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Challenge 1:

Protecting democracy

Democratic regimes are under increasing pressure in and beyond Europe. The rise of populist movements and extreme-right parties, some of which speak from within democratically elected platforms, pose significant challenges that can be observed in the chosen countries. Gender and sexual equality are at the core of anti-democratic attacks. Therefore, to protect democracy we need to learn from and with gender studies and LGBTI+ scholarship, and to use queer citizenship as a measure unit to assess the quality of current democracies.

Challenge 2:

Reframing citizenship

TRACE is structured around the idea that citizenship is crossed by political and conceptual tensions, and is processual and dependent on moments of transgression and reframing. Recognizing the frailty of any citizenship regime, subject to progress and backlash in the space of one single life-time – as older LGBTI+ adults bear witness – poses significant challenges to the idea of citizenship as a shared and consolidated project. Considering the historically heterocisnormative underpinnings of citizenship (Richardson, 2017), TRACE explores the potentialities of queer as a lens through which citizenship can be reframed. Moreover, by using a multiscale, life course approach TRACE encourages intersectional conversations with multiple layers of LGBTI+ belonging that affect the experience of citizenship (e.g. migration; religion; precariousness).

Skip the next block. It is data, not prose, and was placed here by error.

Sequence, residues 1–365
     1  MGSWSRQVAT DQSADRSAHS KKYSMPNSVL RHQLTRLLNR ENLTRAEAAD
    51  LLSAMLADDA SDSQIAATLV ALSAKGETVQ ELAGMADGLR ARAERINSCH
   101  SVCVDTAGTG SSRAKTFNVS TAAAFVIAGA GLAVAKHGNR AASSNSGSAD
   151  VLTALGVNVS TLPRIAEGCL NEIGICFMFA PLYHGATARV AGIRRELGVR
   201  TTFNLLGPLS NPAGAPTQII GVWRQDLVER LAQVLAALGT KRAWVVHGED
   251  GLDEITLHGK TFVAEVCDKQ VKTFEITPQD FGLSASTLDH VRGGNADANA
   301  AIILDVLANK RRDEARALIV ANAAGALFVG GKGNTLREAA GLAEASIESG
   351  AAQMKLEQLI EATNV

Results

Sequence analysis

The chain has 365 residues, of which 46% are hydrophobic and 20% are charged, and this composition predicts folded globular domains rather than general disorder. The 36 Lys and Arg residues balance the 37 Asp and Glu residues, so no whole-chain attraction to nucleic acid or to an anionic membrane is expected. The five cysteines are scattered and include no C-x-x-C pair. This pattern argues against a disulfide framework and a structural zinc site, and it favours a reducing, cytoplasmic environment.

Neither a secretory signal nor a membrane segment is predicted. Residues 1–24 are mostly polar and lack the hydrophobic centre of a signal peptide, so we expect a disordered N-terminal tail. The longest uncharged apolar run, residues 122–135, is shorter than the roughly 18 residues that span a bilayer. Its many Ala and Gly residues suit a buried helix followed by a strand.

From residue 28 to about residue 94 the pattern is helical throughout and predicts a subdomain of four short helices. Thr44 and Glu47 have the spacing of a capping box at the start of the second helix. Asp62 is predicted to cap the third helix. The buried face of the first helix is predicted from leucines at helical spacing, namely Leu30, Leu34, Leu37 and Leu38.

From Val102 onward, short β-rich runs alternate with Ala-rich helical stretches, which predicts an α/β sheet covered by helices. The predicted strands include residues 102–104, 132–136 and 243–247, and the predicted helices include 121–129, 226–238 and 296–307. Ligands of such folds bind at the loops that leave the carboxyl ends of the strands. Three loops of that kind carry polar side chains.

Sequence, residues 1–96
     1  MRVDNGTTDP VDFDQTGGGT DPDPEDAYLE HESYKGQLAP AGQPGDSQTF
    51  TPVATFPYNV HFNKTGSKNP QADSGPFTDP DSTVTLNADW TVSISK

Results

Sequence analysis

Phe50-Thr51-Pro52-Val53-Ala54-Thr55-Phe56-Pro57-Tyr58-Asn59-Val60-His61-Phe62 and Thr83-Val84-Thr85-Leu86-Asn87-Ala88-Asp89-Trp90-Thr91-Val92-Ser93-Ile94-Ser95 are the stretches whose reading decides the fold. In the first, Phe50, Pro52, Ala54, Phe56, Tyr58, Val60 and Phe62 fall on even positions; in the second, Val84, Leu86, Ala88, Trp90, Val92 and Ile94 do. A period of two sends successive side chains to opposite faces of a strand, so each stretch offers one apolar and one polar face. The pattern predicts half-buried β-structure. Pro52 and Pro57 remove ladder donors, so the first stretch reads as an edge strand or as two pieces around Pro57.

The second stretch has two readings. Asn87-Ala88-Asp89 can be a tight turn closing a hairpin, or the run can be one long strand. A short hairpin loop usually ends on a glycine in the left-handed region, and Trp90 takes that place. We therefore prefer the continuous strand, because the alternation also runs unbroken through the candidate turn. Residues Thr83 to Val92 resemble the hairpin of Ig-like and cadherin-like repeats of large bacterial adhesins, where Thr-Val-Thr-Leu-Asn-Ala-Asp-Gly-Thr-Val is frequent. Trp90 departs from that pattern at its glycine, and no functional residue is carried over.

Challenge 3:

Revaluing experience

TRACE is mindful of knowledge gaps and invested in avoiding the waste of experience. There is an absence of knowledge produced about – and from – the European contexts involved in this study. Likewise, there is a deficit in scholarship produced about – and with – people in later stages of life. Integrating both levels of expertise – the context-based knowledge stemming from socio-political analysis and the individual-based knowledge based on biographical narrative accounts – will better inform our understanding of current and past challenges to democracy and citizenship.